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«This study examined whether the academic success, specifically the grade-point average, NCAA progress-towards-degree, and freshman to sophomore ...»

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• Academic—academic advisement, academic skills, and, tutorial assistance

• Athletic—counseling about injuries, health issues, and athletic transition

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• Personal and Social—personal/career counseling, and values clarification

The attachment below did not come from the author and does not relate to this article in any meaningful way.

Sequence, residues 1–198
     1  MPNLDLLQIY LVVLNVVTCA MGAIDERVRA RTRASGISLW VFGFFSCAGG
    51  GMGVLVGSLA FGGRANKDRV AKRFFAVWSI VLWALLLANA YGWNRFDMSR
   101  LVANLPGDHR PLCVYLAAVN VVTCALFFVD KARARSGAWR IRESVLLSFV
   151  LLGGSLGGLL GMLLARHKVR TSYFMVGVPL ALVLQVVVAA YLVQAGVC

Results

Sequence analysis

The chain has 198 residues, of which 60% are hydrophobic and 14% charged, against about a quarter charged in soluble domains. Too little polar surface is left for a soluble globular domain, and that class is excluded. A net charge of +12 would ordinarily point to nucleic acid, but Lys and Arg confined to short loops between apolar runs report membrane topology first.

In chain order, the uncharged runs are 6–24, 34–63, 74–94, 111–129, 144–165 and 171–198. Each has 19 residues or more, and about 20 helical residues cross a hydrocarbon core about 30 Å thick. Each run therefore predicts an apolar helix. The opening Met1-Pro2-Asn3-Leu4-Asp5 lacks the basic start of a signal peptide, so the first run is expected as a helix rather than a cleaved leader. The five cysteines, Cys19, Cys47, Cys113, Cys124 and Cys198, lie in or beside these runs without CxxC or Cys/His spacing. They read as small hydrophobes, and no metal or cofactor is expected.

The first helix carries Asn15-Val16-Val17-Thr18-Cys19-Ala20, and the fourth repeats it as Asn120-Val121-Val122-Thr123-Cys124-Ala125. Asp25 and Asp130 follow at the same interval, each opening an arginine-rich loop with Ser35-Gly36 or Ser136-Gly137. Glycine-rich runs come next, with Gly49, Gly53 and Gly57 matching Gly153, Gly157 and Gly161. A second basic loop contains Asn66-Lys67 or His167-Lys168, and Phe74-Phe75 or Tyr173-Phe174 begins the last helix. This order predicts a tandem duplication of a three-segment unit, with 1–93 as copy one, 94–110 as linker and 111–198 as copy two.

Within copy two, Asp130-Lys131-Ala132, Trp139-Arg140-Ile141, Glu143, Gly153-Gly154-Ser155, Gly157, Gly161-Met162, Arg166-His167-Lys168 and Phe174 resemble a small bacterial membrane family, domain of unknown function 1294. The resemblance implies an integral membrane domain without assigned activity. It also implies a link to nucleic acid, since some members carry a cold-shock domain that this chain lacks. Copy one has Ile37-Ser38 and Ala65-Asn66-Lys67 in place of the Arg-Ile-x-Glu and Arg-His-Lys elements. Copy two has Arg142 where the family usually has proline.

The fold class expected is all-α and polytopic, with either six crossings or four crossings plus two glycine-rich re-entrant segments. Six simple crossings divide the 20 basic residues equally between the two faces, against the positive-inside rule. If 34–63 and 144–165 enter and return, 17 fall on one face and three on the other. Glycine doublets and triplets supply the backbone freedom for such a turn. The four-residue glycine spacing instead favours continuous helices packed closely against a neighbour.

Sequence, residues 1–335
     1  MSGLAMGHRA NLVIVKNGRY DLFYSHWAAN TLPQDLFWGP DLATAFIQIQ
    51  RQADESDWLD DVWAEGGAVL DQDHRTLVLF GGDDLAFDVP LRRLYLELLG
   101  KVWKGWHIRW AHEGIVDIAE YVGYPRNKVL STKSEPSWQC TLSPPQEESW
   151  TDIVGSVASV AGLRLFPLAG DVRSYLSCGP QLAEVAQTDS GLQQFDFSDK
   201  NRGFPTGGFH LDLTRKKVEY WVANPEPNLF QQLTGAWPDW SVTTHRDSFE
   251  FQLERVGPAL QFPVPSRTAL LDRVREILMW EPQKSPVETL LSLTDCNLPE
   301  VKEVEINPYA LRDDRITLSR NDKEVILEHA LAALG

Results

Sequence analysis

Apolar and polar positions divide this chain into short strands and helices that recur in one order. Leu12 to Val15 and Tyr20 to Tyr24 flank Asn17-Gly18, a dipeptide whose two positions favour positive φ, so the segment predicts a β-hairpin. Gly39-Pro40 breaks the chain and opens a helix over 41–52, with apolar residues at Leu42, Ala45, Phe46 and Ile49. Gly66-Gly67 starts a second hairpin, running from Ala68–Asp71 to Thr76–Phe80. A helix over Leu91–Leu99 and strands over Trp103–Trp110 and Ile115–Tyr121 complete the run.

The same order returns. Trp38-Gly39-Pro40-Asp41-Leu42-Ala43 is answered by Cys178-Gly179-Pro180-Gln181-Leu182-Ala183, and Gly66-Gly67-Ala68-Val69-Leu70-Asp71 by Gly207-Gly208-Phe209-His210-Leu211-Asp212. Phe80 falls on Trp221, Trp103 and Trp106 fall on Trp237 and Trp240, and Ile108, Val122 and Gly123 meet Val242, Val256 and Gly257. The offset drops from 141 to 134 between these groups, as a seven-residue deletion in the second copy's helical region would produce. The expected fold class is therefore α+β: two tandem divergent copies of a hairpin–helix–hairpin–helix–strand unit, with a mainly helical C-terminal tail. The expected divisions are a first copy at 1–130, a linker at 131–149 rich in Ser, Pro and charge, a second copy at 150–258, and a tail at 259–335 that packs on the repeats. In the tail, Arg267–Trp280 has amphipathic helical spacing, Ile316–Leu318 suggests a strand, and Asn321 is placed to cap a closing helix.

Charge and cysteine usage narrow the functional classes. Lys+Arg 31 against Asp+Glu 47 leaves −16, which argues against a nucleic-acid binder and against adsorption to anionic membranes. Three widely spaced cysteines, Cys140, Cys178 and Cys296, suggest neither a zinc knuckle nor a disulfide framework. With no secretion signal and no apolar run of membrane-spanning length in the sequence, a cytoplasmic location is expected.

• General—administrative issues and staff changes The goal of the SAAS program today should be the integration of athletics and academics. In the past many NCAA Division I athletic programs created and maintained a SAAS program for the purpose of separating student-athletes from the academic and social life of the university (Gerdy, 1998). Directors of athletics have fostered the growth of autonomous academic-assistance programs for student-athletes as a way of managing rather than solving academic problems. These programs are inherently driven toward maintaining eligibility rather than moving student-athletes towards graduation. Strong SAAS programs have gained popularity with coaches and athletic staff due to their help in the recruitment process of prospective student-athletes (Sloan, 2005). Modern SAAS programs have become significantly more comprehensive and have evolved to include counseling; sports psychology services; career planning, including resume, portfolio, and placement assistance, all designed to help the student-athlete to succeed in the classroom, on the playing field, and beyond (Gerdy, 1997; Hamilton, 2004; Kennedy, 2007).